Language Selection

English French German Italian Portuguese Spanish

Ubuntu 7.04

Filed under
Reviews

Long gone are the days of having to compile your own kernel in order to run the open-source operating system. Ubuntu, a free Linux distro from Canonical, provides a near Microsoft Windows-like experience for those new to Linux. We're reveiwing this particular Linux distro because PC manufacturer Dell now ships some new models with Ubuntu already installed. But before we extol its many virtues, we should note there are also steep trade-offs when using Ubuntu. Linux is not Windows, nor is it Mac. Programs written for those other operating systems will not run under Ubuntu. Instead, be prepared to abandon your Microsoft applications in favor of equally fine although less well-known open-source products such as OpenOffice (included within Ubuntu), Evolution (e-mail), and Ekiga (VoIP). That said, some popular software, like Firefox and Opera, are written for Linux as well. If you only use your computer to check e-mail, surf the Web, and maybe view the occasional YouTube video, and are program agnostic, Ubuntu might be just right for you. And if you're an advanced computer user, by all means, try Ubuntu; Linux is designed for you. But if you're an average computer user who is partial to a specific applications, say, Apple iTunes, GarageBand, or Adobe Photoshop, then you'll need to pass for now. In general, we came away impressed with the Ubuntu package. For a free operating system, Ubuntu 7.04 is solid and extensible, although not without fault.

Setup

When installing a new operating system, especially on an existing Windows machine, we recommend first running a disk partition program such as Norton PartitionMagic. On a Mac OS X system, we recommend using a virtual system such as Parallels.

More Here.




More in Tux Machines

More on Mozilla Voice Recognition and Firefox Woes

Funding for Dremio and Matrix.org

BSD: OpenBSD, Benchmarking LLVM/Clang, and AMD Zen Scheduler Model Lands In LLVM

  • Blog about my blog
     

    I want to try it again, and this time I decided to create a self-hosted blog. Something that runs on my own server and with httpd, the web server that I wrote for OpenBSD.  

    [...]

    i That's why I decided to write my articles, including this one, in Markdown and use another tool such as lowdown to generate the XML pages for sblg.

     
  • Benchmarking LLVM/Clang's New AMD Zen Scheduler Model
    Just prior to LLVM 5.0 being branched yesterday, the AMD Zen scheduler model finally landed in LLVM and has the potential of boosting the performance of generated binaries targeting AMD's Zen "znver1" architecture. Here are some benchmarks of LLVM Clang 4.0 compared to the latest LLVM Clang compiler code when testing with both generic x86-64 optimizations and then optimized builds for the first-generation Zen CPUs, tested on a Ryzen 7 processor.
  • AMD Zen Scheduler Model Lands In LLVM, Makes It For LLVM 5.0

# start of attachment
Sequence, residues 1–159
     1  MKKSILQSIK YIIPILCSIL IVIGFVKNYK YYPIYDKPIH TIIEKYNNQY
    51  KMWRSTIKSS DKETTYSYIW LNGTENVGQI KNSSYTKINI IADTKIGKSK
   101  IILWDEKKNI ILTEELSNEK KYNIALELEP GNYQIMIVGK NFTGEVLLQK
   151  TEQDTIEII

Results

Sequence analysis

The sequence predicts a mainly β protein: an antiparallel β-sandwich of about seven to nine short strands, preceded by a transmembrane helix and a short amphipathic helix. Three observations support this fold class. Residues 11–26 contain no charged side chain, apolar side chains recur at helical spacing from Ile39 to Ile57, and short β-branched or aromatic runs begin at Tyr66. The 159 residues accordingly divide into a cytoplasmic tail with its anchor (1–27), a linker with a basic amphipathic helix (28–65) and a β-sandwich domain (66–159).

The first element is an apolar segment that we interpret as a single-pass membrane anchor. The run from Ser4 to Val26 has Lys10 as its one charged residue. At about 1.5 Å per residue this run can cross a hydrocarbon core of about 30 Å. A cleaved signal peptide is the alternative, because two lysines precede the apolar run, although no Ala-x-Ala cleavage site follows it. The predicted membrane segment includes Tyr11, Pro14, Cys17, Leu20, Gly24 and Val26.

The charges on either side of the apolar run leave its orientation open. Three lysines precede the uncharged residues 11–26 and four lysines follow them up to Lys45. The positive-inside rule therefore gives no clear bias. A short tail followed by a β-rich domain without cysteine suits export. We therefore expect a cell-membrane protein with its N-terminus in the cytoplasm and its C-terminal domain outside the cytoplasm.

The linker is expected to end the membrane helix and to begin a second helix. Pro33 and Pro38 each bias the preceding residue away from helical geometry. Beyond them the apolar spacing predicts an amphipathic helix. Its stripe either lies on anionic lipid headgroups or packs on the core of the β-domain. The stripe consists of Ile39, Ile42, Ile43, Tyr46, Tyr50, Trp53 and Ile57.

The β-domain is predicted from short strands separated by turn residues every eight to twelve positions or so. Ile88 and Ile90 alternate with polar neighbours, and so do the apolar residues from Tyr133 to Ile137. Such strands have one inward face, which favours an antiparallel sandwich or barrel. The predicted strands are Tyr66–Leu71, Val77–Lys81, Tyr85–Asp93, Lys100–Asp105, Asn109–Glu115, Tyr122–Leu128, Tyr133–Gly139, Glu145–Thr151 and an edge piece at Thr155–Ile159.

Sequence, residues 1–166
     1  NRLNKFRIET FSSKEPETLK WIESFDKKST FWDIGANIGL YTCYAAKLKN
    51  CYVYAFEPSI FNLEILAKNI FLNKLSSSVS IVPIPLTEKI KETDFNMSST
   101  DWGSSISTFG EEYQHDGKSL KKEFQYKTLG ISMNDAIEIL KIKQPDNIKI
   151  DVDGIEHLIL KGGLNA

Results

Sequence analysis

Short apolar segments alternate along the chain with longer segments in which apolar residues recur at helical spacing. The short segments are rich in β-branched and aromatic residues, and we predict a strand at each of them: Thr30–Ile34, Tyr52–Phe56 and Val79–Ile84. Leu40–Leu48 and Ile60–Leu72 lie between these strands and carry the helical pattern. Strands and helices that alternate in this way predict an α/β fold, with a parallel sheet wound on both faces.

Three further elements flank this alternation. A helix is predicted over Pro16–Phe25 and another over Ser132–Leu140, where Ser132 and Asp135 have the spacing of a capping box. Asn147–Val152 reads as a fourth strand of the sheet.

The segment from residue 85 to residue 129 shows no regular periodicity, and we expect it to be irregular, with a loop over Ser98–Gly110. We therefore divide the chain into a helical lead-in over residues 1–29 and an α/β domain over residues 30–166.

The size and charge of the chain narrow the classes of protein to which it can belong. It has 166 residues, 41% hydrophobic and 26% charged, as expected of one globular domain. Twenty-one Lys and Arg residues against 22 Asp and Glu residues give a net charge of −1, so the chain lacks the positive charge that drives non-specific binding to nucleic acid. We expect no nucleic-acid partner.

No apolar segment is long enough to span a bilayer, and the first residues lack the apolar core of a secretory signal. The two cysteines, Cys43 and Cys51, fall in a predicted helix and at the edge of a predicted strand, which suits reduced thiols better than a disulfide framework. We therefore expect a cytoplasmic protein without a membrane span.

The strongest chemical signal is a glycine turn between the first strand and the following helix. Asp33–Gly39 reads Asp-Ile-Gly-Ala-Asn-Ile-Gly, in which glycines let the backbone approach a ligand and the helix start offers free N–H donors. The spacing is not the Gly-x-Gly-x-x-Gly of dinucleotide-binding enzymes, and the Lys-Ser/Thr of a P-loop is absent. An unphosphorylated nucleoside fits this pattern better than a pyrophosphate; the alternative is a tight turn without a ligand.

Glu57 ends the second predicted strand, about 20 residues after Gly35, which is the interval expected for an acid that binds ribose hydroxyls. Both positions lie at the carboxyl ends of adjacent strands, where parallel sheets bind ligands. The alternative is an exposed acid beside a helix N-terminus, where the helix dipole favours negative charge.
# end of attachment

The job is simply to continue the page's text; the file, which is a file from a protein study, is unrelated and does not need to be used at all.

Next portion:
It was coming down to the wire for the new AMD Zen scheduler model in LLVM 5.0 but now it's managed to land just hours before the LLVM 5.0 branching. The new Zen "znver1" scheduler model for LLVM was published by AMD in patch form last week and now this morning it's been merged to mainline LLVM. Funny enough, thanks to an Intel developer with commit rights to LLVM due to the AMD contributor not having access.

OSS: VirtualBox, AMD EPYC Platform Letdown, Choosing FOSS, Open Source Blockchain Project, and RcppAPT 0.0.4

  • VirtualBox 5.1.24 Brings a Better Support for AMD Ryzen CPUs
    VirtualBox is a free and an open-source application for virtualization on x86 platforms. VirtualBox development team has announced a new maintenance release VirtualBox 5.1.24. The recent release of VirtualBox brought more support for AMD Ryzen processors to run certain guests such as Microsoft Windows XP. Emulating more SSE2 instructions. Fixing multiple issues with the graphical user interface for KDE Plasma, and black screen on reboot for multi-screen setup under certain conditions.
  • AMD EPYC Platform Security Processor Code Will Not Be Open Source
    AMD EPYC has been getting some bad word of mouth due to what Intel has been trying to portray but much has been cleared out in the official presentation. Many users that are worried about security have asked AMD to open source the AMD EPYC Platform security processor code. That will not be the case according to AMD. AMD EPYC Platform security processor is designed to keep the user safe from attacks because the OS can’t see what the PSP or IME is doing. Similarly, the user will also not know what the chips are doing. That is all great if the chip is keeping the user safe but it also means that if the defenses are breached then the user will not realize that as well.
  • Open Source: To Use Or Not To Use (And How To Choose)
    You'd like to use open source software, but you're not sure what criteria you should use when deciding whether to rely on it for a specific project or not. I have a long, complicated history with open source software.
  • Japanese Online Giant GMO Launches Open Source Blockchain Project
    Internet giant GMO Internet Inc. of Japan today announced the launch of the GMO Blockchain Open Source Software Project (GMO Blockchain OSS). The system will allow users to develop programs using blockchain as open source. In a first attempt by the company using this platform, the company has developed an open source medical record sharing system and launched it on July 6th, 2017.
  • RcppAPT 0.0.4